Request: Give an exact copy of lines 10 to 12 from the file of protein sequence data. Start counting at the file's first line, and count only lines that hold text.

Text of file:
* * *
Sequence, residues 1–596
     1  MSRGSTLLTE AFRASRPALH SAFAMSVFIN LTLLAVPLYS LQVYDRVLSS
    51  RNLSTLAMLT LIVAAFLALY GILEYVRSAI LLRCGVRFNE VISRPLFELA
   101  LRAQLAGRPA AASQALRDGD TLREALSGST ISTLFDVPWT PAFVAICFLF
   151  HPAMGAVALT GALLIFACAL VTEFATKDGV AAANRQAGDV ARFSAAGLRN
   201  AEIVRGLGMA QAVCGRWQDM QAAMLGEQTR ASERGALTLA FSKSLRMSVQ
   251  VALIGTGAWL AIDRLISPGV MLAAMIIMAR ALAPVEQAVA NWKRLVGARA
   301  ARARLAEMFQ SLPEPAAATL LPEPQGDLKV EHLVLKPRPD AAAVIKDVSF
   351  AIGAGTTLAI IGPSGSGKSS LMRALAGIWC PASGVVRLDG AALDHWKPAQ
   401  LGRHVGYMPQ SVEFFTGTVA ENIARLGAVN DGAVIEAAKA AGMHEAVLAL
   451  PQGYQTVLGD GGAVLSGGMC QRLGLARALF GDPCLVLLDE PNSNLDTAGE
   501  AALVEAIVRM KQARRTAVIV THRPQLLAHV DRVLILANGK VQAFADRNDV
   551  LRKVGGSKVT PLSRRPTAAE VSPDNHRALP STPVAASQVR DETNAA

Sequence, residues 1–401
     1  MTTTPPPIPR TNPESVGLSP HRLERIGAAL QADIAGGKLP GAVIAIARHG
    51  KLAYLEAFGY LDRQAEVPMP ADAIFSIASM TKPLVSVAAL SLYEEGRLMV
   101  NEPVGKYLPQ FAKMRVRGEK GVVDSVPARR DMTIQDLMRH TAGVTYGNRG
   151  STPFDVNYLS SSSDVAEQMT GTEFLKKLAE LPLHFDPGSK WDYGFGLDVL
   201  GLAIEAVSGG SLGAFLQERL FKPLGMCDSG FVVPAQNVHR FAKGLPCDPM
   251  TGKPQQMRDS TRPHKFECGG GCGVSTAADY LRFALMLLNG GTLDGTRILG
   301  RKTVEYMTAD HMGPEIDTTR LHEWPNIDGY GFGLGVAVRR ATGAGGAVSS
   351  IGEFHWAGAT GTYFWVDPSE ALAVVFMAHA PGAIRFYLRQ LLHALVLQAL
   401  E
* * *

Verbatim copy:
   401  LGRHVGYMPQ SVEFFTGTVA ENIARLGAVN DGAVIEAAKA AGMHEAVLAL
   451  PQGYQTVLGD GGAVLSGGMC QRLGLARALF GDPCLVLLDE PNSNLDTAGE
   501  AALVEAIVRM KQARRTAVIV THRPQLLAHV DRVLILANGK VQAFADRNDV